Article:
We received an email from a boat 60 miles north of us. She was so solidly packed in and was being driven to shore. She had to call the Canadian Coast Guard to send an ice breaker to free them up. Our trip of a lifetime had taken on the dimension of deadly earnest and we had to act. We made the hard decision to try and point Bagan West at any and all costs to push, batter and break away from the rock bound coast. The pounding that Bagan took was indescribable; the continued and horrific protests of the ice was akin to the banshee’s screams as we forced our way though it. It was the stuff of nightmares. We gained our 3 miles and again dropped the hook on a floe that night.
Go With the Flow
The next morning we awoke to find that we had, of all things, drifted our way south 7 miles. With renewed energy and refreshed determination we once again set about using this good ship as an ice breaker. By three that afternoon we had broken our way clear into thinner and less dense ice packs.
Simply put, I would not have tried any of this if I had not been on a Nordhavn. Her strength and integrity is unsurpassed and it’s no exaggeration when I say she, and she alone, got us out of a situation that was in a lifetime of boating worse than anything I’ve experienced to date. No qualms about saying that at times I’d never been more terrified or more despondent. I think that at one point or another we all were and the amazing thing about this crew is that we pressed on regardless and did our best to keep these feelings of abject horror to ourselves. I’m very, very thankful to be posting this as I am and in the last few days have learned more about myself than all my combined fifty-eight years have taught me. Hands down, the best crew, for the best boat on the best trip.
The last red balloon on the left marks Bagan’s location as of last Friday, August 21. She has almost transited the most difficult past of the famed Northwest Passage. Greenland is on the right, Baffin Island in the center, and in the top center is Devon Island, the largest uninhabited island in the world.
August 21st Post – McClintock Bay
Again, I write this from a secure, protected and ice-free anchorage just on the west side of Simpson Straight. We pulled into here (McClintock Bay) yesterday afternoon when we saw that the forecast wind was starting to fill in higher than predicted. Gusting to 30 kts we all agreed that 1) We were in no rush to get to Cambridge Bay and 2) That we’d had enough “drama” for a while. Yesterday was also Greg’s birthday and Dominique not only prepared and served hamburgers (one of his favorites) and a fresh salad (bought while in Gjoa Haven) but a blueberry birthday cake for dessert!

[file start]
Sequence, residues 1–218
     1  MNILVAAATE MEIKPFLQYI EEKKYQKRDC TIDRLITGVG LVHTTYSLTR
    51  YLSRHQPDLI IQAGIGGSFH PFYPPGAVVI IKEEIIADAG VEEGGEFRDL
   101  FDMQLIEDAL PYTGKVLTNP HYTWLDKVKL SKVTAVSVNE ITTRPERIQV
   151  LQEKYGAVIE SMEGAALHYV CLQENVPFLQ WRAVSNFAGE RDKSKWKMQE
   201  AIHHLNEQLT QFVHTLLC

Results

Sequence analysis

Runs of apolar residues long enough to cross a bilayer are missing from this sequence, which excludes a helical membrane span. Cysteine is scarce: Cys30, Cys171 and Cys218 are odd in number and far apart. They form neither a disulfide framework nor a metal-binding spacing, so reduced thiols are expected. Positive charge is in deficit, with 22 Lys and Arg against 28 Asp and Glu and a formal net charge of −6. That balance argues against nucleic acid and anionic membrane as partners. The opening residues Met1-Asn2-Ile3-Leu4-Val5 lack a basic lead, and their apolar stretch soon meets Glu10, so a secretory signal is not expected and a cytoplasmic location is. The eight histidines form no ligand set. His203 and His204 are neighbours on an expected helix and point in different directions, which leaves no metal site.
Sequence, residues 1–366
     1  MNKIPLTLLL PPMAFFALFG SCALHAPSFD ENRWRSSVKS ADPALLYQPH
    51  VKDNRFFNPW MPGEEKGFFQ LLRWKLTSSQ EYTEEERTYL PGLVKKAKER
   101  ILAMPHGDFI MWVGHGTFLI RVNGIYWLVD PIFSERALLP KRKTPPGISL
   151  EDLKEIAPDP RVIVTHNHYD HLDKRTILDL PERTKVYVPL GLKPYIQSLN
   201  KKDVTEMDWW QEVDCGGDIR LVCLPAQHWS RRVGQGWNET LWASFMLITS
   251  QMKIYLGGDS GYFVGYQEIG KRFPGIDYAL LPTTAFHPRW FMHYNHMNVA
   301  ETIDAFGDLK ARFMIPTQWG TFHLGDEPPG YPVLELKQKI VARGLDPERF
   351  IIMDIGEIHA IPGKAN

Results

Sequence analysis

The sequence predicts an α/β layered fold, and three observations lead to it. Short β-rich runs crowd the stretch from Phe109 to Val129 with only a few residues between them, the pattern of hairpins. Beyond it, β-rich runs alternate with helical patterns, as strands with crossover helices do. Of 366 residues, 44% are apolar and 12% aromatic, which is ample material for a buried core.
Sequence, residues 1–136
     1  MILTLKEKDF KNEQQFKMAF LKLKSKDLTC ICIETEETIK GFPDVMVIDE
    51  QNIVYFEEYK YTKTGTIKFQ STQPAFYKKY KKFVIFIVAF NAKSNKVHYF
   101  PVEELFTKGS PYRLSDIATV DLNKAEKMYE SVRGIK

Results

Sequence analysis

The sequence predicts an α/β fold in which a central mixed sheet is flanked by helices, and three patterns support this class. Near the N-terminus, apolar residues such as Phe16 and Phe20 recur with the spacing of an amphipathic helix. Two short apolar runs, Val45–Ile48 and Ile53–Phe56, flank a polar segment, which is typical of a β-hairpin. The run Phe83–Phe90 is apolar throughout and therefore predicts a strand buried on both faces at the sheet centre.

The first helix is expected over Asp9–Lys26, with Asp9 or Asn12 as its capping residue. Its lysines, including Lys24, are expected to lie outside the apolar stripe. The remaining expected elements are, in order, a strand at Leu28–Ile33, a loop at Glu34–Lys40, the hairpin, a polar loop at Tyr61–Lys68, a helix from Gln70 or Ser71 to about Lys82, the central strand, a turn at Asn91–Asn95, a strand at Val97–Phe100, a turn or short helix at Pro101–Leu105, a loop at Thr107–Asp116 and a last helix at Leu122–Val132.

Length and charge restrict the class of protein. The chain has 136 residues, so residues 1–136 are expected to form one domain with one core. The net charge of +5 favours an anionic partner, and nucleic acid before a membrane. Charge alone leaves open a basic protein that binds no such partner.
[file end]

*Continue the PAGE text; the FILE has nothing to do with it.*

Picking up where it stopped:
“World’s Best Harbor” – Roald Amundsen
Gjoa Haven was wonderful; the people were very friendly and a long over due chance to stretch our legs without having to stay huddled in a group carrying firearms. GH is a small community of perhaps 900 and to say that they welcome visitors is an understatement. A few our the group ended up in the mayor’s office and left with everything from GH coffee cups to stickers.
In a few more days we hope to be in Cambridge Bay where we’ll take on fuel, do a few interviews and actually live a civilized life for the first time in over a month. It’s been since Sisimiut since we’ve been able to walk off in six different directions (unarmed), use internet, or just be among people who don’t live in confined quarters.
Yesterday while doing my anchor watch, the VHF radio squawked to life with “Bagan, Bagan… Ocean Watch”. I all but jumped out of my socks. Total disbelief that I’d heard what I heard. Sheepishly I answered the call (it wasn’t a practical joke by someone tucked away in the engine room) and in short order found that “Ocean Watch” the sloop that’s doing the “Around The America’s” project was sailing by outside the bay, not a mile away.
To make matters all the more surreal, aboard was old friend and renowned yachting journalist, Herb McCormick. Herb and I haven’t had a chance to chat in over 25 years, and now this. What do you say to someone with whom who you’ve got a ton of catching up to do, when you’re seemingly thousands of miles from nowhere, and are literally two ships passing in the night? All of us aboard Bagan wish Ocean Watch and her crew the very best of luck in their mammoth undertaking. Herb, dinner is on me!!
Next Week: Cambridge Bay and West
Editor’s Note: Nordhavn has discontinued the Nordhavn 57, but to see the vessels have replaced it visit the Nordhavn website... http://www.nordhavn.com/